Review: U-M’s Ah, Wilderness! Offers Solid but Stiff Effort in O’Neill Comedy
Ah, Wilderness! is an outlier among Eugene O’Neill’s plays, usually full of painful truth telling. It’s a summertime comedy, nostalgic for the youth the playwright never had. Its humor is soft and warm but it is also a quiet reflection on the limits of freedom, set appropriately on the Fourth of July.
The play offers two challenges to a university theater company. It is set in 1906, a time that O’Neill romanticizes as a period of innocence and propriety under assault, a time far removed from now. It is also a family play, in which most of the characters are younger or quite a bit older than the student actors.
The University of Michigan School of Music, Theatre and Dance cast under the direction of John Neville-Andrews tries hard to create a semblance of an early 20th century family but seems stiff, corseted in their roles and their interplay with each other. This play depends on that interplay, but in this production only a few scenes capture what O’Neill was about.
The Millers of a “large small town” in Connecticut are a solidly middle class clan. Father Nat is the owner of the local newspaper, his wife, Essie, is the dominant figure at home and a stickler for moral values. They have four children, Arthur, a Yale student; Mildred, a modern young woman; Richard, an emerging firebrand; and young Tommy, a firecracker in more ways than one.
Richard is the central character here. He’s a young man intoxicated by new, revolutionary ideas. He’s hiding his copies of Oscar Wilde, Bernard Shaw, Algernon Swinburne and Omar Khayyam. He’s also intoxicated with a girl named Muriel and trying out all he’s learned on her innocent person.
Another main character is Essie’s brother Sid. Uncle Sid is a cautionary tale, an alcoholic with a good heart and a crippling weakness. Sid is the object of Nat’s sister Lily’s affection and deep disappointment.
The Fourth is a holiday dedicated to celebrating a revolution and the ideas it helped take hold. But Richard is a classic naïf, a 16-year-old boy anxious to get on with becoming a man and ready to take that first step into naughty rebellion.
This production never settles into a comfortable give and take. The actors seem too often to be reciting and moving stiffly about. The gentle humor is often lost and the humor that is meant to be forced and awkward is never separated from all the rest. The actors seem to have trouble playing the middle aged characters authentically and fall back on stiff mannerisms of an earlier time. But there are good moments and solid effort.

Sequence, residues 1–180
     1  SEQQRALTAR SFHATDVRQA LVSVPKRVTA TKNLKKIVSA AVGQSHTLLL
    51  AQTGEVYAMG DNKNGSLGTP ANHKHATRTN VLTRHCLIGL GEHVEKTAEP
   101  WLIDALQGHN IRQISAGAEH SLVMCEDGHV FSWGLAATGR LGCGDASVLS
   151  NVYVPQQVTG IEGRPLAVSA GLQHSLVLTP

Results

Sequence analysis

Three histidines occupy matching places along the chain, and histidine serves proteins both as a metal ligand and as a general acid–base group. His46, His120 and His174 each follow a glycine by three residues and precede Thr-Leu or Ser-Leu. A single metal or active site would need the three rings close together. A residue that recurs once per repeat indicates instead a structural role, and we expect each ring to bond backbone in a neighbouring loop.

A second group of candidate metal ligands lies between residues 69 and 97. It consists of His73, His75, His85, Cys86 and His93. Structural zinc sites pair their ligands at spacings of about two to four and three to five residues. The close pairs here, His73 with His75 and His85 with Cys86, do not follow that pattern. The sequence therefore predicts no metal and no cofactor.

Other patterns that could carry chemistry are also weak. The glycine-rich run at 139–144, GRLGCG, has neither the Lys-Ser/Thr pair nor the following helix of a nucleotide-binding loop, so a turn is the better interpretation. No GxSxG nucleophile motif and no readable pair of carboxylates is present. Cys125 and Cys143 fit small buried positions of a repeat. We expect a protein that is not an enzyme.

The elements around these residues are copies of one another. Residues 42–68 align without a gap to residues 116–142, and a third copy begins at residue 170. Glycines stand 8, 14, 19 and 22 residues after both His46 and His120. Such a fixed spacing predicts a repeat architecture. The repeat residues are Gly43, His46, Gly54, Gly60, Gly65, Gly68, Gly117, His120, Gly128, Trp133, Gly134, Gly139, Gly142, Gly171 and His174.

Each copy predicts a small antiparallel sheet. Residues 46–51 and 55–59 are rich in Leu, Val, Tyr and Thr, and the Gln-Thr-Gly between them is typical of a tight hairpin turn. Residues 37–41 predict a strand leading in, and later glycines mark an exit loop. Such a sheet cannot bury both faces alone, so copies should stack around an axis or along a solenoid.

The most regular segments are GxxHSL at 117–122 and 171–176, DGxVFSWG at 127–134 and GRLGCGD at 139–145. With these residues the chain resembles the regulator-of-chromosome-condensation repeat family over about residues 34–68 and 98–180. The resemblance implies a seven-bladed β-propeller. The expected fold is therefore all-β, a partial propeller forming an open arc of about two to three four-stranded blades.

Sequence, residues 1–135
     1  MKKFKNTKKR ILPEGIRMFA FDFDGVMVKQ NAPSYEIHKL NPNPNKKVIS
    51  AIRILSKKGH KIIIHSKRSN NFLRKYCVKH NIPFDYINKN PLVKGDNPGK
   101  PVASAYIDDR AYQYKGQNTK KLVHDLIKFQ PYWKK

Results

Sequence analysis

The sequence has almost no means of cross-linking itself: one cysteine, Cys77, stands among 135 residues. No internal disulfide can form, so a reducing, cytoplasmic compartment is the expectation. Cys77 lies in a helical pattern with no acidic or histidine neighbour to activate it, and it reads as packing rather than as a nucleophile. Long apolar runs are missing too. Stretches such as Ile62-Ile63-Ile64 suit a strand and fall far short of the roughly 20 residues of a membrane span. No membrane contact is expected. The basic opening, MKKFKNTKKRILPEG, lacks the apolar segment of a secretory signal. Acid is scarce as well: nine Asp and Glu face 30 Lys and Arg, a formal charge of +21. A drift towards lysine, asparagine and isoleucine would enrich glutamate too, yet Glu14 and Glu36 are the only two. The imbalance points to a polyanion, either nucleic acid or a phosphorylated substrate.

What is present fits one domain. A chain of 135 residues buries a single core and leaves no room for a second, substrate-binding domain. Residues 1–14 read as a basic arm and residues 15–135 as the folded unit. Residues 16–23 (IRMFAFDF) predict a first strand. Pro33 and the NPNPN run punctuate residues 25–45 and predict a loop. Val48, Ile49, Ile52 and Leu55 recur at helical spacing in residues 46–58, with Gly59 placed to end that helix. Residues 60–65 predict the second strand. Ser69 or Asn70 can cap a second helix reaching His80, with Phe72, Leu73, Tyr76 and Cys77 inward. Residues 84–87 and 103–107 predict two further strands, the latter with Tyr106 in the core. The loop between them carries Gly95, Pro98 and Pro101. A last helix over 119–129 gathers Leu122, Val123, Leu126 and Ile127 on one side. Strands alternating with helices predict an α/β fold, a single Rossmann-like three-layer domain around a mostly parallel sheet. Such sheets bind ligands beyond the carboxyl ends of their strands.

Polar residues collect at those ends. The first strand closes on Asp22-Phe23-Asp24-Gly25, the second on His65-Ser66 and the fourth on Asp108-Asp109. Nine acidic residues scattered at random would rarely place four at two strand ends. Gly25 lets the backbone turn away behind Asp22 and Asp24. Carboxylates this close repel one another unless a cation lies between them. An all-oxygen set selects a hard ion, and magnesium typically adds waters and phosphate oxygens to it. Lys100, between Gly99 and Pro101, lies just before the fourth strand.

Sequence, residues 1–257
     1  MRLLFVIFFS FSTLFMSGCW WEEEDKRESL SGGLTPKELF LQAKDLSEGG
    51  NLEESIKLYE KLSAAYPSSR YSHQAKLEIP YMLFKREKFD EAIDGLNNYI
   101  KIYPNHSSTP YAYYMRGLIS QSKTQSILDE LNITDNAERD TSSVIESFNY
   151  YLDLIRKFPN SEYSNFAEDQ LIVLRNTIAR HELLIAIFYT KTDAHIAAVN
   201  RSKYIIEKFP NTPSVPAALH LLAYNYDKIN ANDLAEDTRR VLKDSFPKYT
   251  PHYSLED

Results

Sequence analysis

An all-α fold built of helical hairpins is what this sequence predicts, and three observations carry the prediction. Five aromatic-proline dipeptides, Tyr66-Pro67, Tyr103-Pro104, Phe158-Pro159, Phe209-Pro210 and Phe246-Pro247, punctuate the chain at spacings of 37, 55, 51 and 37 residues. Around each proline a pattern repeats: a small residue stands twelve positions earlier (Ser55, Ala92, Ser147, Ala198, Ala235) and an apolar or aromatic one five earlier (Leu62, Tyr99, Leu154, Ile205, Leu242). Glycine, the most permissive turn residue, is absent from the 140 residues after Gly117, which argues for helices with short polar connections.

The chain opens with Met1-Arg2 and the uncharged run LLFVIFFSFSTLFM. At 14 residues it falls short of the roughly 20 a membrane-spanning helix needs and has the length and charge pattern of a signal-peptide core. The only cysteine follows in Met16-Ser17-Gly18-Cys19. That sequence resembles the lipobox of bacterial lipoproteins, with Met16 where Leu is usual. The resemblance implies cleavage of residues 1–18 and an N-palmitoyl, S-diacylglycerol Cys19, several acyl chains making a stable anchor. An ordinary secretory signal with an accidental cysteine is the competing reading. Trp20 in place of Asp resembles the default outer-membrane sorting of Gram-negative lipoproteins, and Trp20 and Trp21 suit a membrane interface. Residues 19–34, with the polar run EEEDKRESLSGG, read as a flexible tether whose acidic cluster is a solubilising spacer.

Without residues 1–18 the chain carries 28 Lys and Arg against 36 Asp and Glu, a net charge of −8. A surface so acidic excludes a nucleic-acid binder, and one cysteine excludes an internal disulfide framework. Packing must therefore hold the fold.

Kevin Corbett gives Richard Miller the right amount of "gee whiz" enthusiasm for the swirl of ideas in his head and he has some good comic moments as he goes to the “dark side” in his encounter with a brassy lady of the night. But even he doesn’t quite capture the giddiness and fear of a boy on the cusp of manhood.
Larissa Marten has every bit the look of a strong matriarch as Essie. She’s tall with an attractive face made stern from admonishing her children. She also has a commanding voice. But her performance is stiff, missing the humor intended under what she says and posing too often. Essie is more than she seems as we see later in the play, but we get few suggestions of that early on.
Liam Loomer brings honest warmth to the role of Nat. He struggles to relax into a real middle-aged man and is forced into playing with cigars and pipes and too much joie de vivre. He does a fine bit of physical comedy in a scene with Corbett where he struggles to explain the “facts of life.” Loomer also has an uncanny resemblance to a young Orson Welles.
Oren Steiner probably has the hardest role in the play as Uncle Sid. Sid is a one-time valued newspaper reporter brought down by a weakness for alcohol. Despite his weakness, Sid is a lovable drunk, not the usual mess found in other O’Neill plays. Steiner does a good job of melding the two sides of Sid and brings some sweet interplay with his nephew Richard after Richard’s night out. But a lot of the humor that is sad/funny about Uncle Sid doesn’t come through and seems, again, stiff and labored.
Amy Aaron as the long-suffering Lily is fairly convincing but looks far too young for the part and lacks the nervousness that seems intended in a character defined as “poor spinster” forced to take shelter in her brother’s house while pining for desolate Sid.
Juliana Tassos plays the brassy prostitute with a nod to Mae West and a squawky voice. Morgan Waggoner is the ethereal Muriel. She gets the tension between desire and rectitude as the play becomes a poetic valentine.
A couple actors seem a bit more relaxed in their performances. Sarah Prendergast plays sister Mildred with a breezy good humor and no posed mannerisms. Eddie Williams as a shifty bartender is also natural as he seems to glide across the barroom.
Ah, Wilderness! was a sweet spot to which O’Neill never ventured again. His family plays in the future would be dark and brooding and even more revolutionary than Wilde, Shaw or Omar Khayyam. But even here he raised some real issues about the limits of freedom and the value of restraint when it comes in the warm embrace of a loving and upright family.
Hugh Gallagher has written theater and film reviews over a 40-year newspaper career and was most recently managing editor of the Observer & Eccentric Newspapers in suburban Detroit.
Ah, Wilderness! continues at the Arthur Miller Theatre on the North Campus of the University of Michigan at 7:30 p.m. Oct. 13, 8 p.m. Oct. 7,8,14 and 15 and 2 p.m. Oct. 9 and 16. For tickets, call (734)764-2538, go online to tickets.music.umich.edu or in person at the League Ticket Office in the Michigan League building at Fletcher and N. University.